The Plastic House

By Allison Chhorn

After her parents’ death, a young Cambodian-Australian woman begins working in their greenhouse. A meditative, experimental take on memory and healing.

 Cambodian-Australian filmmaker Allison Chhorn has made an exceptional hybrid film debut about memory that imagines the tender process of grief. In the aftermath of her parents’ death, their daughter takes over their bean-growing greenhouse – once their livelihood – and gradually becomes absorbed in the work. The ‘plastic house’ is filled with shadow memories of her parents’ presence, all captured on lo-fi camcorder. Foul weather buffets the fragile building, threatening to destroy the daughter’s new life alone. But over time, as the seasons pass, her grief finds solace in the rituals of physical work. “In my case, working the ‘plastic house’ (as I like to call it) involved not just filmmaking but also manual labour, whether that be planting, pruning, picking, or editing. This work is laborious but it can also be meditative,” Chhorn said. “As if the process itself was a way to heal, or at least temporarily forget.”



Rosemary’s Way

By Ros Horin

Rosemary’s Way celebrates the remarkable Rosemary Kariuki and the group of vulnerable migrant women of suburban Sydney whose lives she helps transform from isolation to connection. Rosemary is our vibrant host over the course of a year, as we witness her reaching out to isolated migrant women from cultures as diverse as Iraq, the Congo and Peru. Rosemary is our ebullient facilitator; but the key characters are the migrant women who are drawn into her wake, and the Anglo women who agree to host them in their communities. We are moved and inspired by the stories of the women as Rosemary coaxes them to participate in new adventures and share insights into other cultures formerly outside of their experience. We join in the women’s wonder at the beauty of the Australian bush, where they gather under the trees to be Welcomed to Country by an Indigenous elder. And we witness their gradual transformation, as they find their voices and confidence in this new country that is now their home.



The Skin of Others

By Tom Murray

Grant (c.1885-1951) was extraordinarily famous in his day, an intellectual, a journalist, a soldier, a reader of Shakespeare and a bagpipe player who could put on a fine Scottish accent. His life story connects Archduke Franz Ferdinand, Adolf Hitler, and Henry Lawson among other famous figures as he moved from Australia to Europe, UK and back. Lewis’s thoughtful and often playful reflections on Grant’s life, along with guest appearances from Max Cullen and Archie Roach, connect to the larger story of Australia’s tragic colonial history and its troubled relationship with First Australians. This is also the story of Australia, its violent past and its future potential. It recounts a tragic national history of Australian colonial relations with First Nations people, explores the ways we tell the story of our nation, and ultimately dreams of a more reconciled and inclusive Australian future.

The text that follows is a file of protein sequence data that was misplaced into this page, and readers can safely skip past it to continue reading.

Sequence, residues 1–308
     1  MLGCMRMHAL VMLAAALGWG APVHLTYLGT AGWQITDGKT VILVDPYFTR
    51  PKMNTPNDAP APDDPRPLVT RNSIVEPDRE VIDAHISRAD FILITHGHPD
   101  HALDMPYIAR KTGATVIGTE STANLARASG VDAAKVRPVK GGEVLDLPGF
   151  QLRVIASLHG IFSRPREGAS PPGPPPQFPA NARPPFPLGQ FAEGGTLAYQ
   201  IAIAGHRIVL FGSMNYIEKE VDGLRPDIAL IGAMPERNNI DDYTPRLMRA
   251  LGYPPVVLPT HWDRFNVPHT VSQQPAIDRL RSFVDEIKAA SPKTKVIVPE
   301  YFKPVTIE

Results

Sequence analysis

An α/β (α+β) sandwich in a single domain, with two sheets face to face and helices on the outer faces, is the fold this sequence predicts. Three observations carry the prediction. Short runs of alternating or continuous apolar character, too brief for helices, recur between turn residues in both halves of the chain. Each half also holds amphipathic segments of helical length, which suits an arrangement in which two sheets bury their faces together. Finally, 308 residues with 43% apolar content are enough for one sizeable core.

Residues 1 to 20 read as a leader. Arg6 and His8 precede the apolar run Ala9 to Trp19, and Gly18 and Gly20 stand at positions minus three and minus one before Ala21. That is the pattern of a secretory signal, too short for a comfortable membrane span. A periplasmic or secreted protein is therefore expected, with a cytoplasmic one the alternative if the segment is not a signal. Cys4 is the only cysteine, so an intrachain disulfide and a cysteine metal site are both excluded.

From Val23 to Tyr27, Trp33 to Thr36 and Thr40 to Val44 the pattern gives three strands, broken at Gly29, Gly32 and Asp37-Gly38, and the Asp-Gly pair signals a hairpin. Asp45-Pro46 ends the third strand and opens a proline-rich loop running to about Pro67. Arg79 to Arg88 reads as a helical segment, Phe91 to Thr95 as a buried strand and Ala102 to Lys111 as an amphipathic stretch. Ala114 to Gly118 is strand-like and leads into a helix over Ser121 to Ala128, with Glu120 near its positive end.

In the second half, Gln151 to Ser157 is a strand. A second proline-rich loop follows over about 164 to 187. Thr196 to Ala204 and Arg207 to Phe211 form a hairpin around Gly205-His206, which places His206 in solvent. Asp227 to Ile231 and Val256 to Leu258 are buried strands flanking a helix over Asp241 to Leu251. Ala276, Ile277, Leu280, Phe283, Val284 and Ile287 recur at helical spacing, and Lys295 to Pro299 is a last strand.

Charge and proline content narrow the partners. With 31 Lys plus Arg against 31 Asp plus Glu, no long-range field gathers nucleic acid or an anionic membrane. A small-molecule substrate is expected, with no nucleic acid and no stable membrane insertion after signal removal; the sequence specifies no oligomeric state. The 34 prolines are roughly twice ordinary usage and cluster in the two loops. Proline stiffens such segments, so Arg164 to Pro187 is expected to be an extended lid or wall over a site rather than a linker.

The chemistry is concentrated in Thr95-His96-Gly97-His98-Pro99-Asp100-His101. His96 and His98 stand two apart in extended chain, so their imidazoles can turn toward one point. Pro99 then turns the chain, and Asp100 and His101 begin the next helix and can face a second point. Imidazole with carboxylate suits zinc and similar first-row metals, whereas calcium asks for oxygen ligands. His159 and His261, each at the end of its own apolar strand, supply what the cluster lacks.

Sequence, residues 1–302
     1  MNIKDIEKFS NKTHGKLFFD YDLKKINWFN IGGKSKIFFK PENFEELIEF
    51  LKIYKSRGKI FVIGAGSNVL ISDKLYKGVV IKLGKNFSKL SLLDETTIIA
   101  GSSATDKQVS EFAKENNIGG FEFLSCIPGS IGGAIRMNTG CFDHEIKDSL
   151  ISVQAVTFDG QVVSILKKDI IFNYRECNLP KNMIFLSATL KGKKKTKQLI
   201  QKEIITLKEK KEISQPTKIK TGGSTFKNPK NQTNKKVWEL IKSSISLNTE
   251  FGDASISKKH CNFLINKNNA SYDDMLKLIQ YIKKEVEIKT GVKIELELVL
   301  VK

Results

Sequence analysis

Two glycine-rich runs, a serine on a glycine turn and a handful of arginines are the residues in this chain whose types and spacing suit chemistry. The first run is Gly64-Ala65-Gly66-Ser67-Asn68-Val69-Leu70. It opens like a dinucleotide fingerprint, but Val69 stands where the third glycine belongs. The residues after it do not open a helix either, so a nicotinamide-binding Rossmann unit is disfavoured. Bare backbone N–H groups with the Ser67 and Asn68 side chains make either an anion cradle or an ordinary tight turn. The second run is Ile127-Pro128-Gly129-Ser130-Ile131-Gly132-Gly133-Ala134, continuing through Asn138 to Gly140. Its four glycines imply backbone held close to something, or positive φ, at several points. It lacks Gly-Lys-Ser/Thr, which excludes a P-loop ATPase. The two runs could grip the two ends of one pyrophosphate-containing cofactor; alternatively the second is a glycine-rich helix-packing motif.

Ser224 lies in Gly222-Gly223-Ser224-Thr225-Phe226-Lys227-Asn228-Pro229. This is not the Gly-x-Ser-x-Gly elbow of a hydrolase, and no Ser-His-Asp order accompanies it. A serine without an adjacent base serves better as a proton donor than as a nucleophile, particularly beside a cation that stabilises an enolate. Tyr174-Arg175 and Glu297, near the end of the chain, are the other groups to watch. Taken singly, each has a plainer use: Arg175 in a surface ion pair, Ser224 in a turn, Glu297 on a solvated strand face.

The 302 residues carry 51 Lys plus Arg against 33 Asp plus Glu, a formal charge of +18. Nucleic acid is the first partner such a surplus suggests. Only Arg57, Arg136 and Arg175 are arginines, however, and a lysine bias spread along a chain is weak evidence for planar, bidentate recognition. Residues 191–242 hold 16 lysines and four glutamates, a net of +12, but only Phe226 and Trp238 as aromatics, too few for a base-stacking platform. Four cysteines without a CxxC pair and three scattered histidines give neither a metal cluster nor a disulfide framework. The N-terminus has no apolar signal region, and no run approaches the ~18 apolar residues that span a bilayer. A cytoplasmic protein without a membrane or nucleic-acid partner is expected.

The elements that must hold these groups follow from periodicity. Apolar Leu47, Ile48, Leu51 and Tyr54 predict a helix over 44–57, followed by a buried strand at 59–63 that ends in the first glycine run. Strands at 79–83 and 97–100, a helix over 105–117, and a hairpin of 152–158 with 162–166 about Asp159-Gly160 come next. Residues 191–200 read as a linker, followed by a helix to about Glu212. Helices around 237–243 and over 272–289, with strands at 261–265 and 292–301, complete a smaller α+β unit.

The Weather Diaries

By Kathy Drayton

My daughter Imogen is approaching her final years as a violin student at the Conservatorium High School when she uploads her first song to Soundcloud. Reviews and interest from the music industry pour in, so taking inspiration from Studio Ghibli’s Princess Mononoke, the film she’s been obsessed with since childhood, she adopts the moniker of Lupa J and sets out to establish a career as an electronic pop artist. I’ve long been haunted by the vision of the destruction of the ancient forest and all of its creatures that occurs at the end of that film – an extinction scene in a children’s film. So when Tony Abbott is elected on a platform of promoting coal and denying climate change, I decide to pick up my camera and film the impact of climate change on the forests and flying foxes around Sydney, immersing myself in the world of the people who defend them and study them, as I follow Imogen on her musician’s path and wrestle with what the future may hold for her.



Women of Steel

By Robynne Murphy

Wollongong, 1980: Denied jobs at the steelworks – the city’s main employer – working class / migrant women refused to accept discrimination. They began a campaign for the right to work that lasted for fourteen years. Their battle against BHP, the country’s richest and most powerful company, took them from factory gate to the highest court in the land and changed the rules for women throughout Australia. Using rare archival footage and speaking directly to camera, these Women of Steel tell their own stories for the first time on film.


For more information  please visit the Sydney Film Festival website here.

To view previous winners of the Documentary Australia’s Award for Best Australia Documentary click here.